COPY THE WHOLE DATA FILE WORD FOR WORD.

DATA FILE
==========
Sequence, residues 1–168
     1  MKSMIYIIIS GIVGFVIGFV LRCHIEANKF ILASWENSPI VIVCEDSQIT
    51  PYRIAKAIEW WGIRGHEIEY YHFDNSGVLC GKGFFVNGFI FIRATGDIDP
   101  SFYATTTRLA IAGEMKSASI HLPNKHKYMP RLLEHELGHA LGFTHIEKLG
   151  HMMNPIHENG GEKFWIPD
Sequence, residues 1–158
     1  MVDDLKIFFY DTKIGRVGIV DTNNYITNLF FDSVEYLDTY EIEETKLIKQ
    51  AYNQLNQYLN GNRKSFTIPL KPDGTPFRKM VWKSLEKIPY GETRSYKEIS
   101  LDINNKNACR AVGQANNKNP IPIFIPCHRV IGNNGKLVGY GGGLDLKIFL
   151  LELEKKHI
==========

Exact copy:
Sequence, residues 1–168
     1  MKSMIYIIIS GIVGFVIGFV LRCHIEANKF ILASWENSPI VIVCEDSQIT
    51  PYRIAKAIEW WGIRGHEIEY YHFDNSGVLC GKGFFVNGFI FIRATGDIDP
   101  SFYATTTRLA IAGEMKSASI HLPNKHKYMP RLLEHELGHA LGFTHIEKLG
   151  HMMNPIHENG GEKFWIPD
Sequence, residues 1–158
     1  MVDDLKIFFY DTKIGRVGIV DTNNYITNLF FDSVEYLDTY EIEETKLIKQ
    51  AYNQLNQYLN GNRKSFTIPL KPDGTPFRKM VWKSLEKIPY GETRSYKEIS
   101  LDINNKNACR AVGQANNKNP IPIFIPCHRV IGNNGKLVGY GGGLDLKIFL
   151  LELEKKHI